Surveys: Fewer Americans traveling for holidays

Like Thanksgiving, fears of COVID-19 and the restrictions enacted against it are dampening travel plans

Of the 84.5 million Americans expected to travel between Dec. 23 and Jan. 3, 96 percent, or 81 million will travel by car, according to AAA Travel. That’s a 29 percent decline in overall travelers and a 25 percent drop in holiday drivers compared to last year. Another 2.9 million are expected to travel by air, a 60 percent decline, and up to 480,000 Americans will go by bus and train, a decline of 87 percent.

THE OLD SONG “Home for the holidays” has a new meaning this year as most Americans are expected to stay home, not travel to other destinations, according to AAA Travel’s forecast and a survey from the American Hotel & Lodging Association. Those who do travel are, once again, expected to travel by car and are urged to be aware of new restrictions imposed in response to the COVID-19 pandemic.

AAA forecasts that 84.5 million Americans will travel from Dec. 23 through Jan. 3, about 34 million fewer than last year, a 29 percent decline. Road trips are expected to make up for 96 percent of holiday travel with up to 81 million Americans will travel by car, a 25 percent compared to last year. Concerns over COVID-19 are expected to lead some travelers who usually travel by bus, train or airplane to opt for driving instead. The fact that gas prices are about 19 percent below 2019 averages may also contribute to this decision.

Another 2.9 million are expected to travel by air during the holiday period, a 60 percent decline from 2019. Finally, up to 480,000 Americans are expected to travel by other modes, such as bus and train, a decline of 87 percent.

The low numbers come on the heels of an also subdued Thanksgiving travel holiday.

“While Thanksgiving is traditionally spent gathering with friends and family, the year-end holidays are when Americans often venture out for longer, more elaborate vacations. That will not be the case this year,” said Paula Twidale, AAA’s senior vice president. “Public health concerns, official guidance not to travel, and an overall decline in consumer sentiment have encouraged the vast majority of Americans to stay home for the holidays.”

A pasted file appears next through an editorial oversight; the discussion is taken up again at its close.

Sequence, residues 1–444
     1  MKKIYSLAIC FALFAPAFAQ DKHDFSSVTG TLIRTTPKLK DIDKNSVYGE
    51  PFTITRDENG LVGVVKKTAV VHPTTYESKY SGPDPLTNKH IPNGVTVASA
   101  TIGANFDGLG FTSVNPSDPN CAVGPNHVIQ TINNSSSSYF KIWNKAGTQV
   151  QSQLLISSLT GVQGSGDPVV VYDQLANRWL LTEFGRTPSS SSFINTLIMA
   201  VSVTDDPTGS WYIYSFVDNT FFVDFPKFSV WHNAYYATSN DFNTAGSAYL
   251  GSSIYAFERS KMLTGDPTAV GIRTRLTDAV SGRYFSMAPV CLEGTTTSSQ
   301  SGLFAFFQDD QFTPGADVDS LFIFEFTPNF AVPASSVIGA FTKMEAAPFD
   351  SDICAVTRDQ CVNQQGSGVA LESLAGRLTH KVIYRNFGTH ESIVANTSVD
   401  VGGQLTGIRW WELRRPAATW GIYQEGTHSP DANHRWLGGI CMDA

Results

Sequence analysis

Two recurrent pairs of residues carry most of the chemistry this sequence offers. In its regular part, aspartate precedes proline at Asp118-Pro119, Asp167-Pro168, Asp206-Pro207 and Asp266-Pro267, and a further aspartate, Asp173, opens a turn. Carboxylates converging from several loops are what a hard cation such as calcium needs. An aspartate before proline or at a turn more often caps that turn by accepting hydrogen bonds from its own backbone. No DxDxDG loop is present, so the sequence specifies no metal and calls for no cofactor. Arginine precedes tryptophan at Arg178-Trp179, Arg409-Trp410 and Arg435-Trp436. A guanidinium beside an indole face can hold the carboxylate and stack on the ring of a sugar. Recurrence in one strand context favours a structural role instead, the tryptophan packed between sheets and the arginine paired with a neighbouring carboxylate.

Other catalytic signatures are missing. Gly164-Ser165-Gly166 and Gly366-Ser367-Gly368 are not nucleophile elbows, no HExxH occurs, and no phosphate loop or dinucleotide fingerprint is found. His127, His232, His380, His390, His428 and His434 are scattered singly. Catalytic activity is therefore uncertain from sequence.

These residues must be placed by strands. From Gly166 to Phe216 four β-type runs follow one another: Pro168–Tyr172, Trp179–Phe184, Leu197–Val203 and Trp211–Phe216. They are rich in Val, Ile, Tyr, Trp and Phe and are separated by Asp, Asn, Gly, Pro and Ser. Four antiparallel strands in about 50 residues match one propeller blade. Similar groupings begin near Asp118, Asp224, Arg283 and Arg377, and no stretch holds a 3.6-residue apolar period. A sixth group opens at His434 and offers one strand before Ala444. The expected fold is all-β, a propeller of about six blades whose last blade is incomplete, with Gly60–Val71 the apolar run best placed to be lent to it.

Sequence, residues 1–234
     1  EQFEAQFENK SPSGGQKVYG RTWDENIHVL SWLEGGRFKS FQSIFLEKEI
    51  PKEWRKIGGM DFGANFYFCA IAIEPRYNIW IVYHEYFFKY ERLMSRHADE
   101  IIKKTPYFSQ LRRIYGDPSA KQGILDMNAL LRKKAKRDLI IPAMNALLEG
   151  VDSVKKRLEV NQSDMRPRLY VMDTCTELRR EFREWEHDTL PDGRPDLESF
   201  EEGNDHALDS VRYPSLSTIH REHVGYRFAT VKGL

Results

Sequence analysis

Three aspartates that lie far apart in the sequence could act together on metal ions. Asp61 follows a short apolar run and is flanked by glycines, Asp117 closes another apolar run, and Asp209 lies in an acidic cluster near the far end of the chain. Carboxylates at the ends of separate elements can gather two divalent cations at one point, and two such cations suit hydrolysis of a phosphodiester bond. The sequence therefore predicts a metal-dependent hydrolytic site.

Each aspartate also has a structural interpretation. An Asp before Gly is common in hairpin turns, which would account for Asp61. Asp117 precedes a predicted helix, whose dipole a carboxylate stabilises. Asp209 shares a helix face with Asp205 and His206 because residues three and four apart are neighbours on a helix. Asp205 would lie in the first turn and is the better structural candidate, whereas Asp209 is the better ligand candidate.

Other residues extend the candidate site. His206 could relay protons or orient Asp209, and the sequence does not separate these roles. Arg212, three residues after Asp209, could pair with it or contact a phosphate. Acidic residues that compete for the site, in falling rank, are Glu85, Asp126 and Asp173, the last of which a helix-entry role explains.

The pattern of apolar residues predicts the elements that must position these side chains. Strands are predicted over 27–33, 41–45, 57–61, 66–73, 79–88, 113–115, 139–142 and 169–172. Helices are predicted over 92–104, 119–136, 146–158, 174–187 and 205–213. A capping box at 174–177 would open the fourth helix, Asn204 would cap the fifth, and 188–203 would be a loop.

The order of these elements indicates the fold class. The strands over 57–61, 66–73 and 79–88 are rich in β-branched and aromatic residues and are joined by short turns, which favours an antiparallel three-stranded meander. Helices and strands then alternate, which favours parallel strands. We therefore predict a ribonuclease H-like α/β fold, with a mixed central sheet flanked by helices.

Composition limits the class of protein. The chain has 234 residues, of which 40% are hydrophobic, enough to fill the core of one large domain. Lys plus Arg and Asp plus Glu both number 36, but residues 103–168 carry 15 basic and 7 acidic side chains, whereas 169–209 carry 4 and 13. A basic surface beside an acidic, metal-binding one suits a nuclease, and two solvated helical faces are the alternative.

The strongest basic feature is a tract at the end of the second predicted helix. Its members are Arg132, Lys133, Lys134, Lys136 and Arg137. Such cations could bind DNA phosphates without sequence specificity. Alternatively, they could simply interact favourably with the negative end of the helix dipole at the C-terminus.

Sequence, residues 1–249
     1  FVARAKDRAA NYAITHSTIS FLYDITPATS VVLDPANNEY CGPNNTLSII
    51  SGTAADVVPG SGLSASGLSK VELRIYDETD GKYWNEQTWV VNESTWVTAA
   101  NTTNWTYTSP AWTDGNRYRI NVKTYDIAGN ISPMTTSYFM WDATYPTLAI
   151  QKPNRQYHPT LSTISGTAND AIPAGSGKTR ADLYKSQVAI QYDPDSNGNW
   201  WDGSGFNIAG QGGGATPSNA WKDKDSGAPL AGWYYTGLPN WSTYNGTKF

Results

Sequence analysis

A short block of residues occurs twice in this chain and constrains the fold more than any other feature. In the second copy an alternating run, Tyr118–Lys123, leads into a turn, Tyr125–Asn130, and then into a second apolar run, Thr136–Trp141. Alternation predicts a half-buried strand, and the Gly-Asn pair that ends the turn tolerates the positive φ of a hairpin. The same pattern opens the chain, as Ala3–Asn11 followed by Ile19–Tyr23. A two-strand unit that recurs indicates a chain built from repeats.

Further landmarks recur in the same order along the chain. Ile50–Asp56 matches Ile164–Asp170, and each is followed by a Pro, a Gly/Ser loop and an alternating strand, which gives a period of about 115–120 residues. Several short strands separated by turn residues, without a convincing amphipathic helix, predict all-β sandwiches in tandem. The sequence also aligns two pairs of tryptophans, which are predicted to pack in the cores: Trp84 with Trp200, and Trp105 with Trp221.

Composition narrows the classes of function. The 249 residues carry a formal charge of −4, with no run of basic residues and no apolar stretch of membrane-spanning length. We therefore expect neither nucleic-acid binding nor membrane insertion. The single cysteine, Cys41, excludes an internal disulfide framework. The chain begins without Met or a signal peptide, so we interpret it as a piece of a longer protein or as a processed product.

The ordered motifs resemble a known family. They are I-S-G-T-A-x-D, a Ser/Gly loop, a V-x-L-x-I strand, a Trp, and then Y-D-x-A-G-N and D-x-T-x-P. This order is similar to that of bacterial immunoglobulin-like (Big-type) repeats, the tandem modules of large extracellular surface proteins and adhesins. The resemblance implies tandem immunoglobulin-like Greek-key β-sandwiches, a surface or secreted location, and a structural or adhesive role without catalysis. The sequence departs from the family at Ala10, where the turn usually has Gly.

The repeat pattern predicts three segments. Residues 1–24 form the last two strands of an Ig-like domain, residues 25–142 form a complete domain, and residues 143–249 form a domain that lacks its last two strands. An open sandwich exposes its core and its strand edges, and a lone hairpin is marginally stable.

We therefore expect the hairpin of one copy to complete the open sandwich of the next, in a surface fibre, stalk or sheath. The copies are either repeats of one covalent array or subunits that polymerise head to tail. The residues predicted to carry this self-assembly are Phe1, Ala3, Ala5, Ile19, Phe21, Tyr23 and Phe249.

Even the low prices for gas and airline tickets are not encouraging travel as they usually would, said Jeanette Casselano McGee, AAA spokesperson.

“The lower prices and less traffic aren’t driving decisions to hit the road. Americans are looking to the public health landscape, including COVID-19 case numbers, to make their travel decisions,” Casselano said.

AHLA’s survey of 2,200 adults conducted Nov. 2 to 4 by Morning Consult, found that 69 percent of Americans will not travel for the holidays in response to the recent surge in COVID-19 cases, Centers for Disease Control and Prevention recommendations against travel over the holiday season and new stay-at-home orders enacted in several states.

“We understand the importance of following CDC guidelines to reduce the spread of COVID-19 and support the government’s actions. However, with the dramatic decline in travel, hotels will face a harsh winter through no fault of our own,” said Chip Rogers, AHLA’s president and CEO.

Rogers said the situation demands that Congress members defer their own vacations until an agreement is reached on the next round of federal stimulus. His position is shared by AAHOA as well.

“The hotel industry needs aid to survive until travel demand returns. Given this current environment, Congress cannot nor should not contemplate recess until a relief bill is passed now,” Rogers said. “Millions of Americans are out of work, and thousands of small businesses are struggling to keep their doors open. We cannot afford to wait until the next Congress is sworn in for relief. We need help now.”

Other key findings of the survey include:

  • 74 percent of those traveling overnight for Christmas report they will stay with a family or friend.
  • 32 percent have taken an overnight vacation or leisure trip since March.
  • 24 percent are likely to travel for spring break.
  • 44 percent say their next hotel stay for vacation or leisure travel will be a year or more from now or they have no plans to stay in a hotel.
  • Only 8 percent of Americans say they have taken an overnight business trip since March and 8 percent of all adults expect to travel for business within the next six months.
  • 62 percent of employed Americans have no plans to stay in a hotel for business.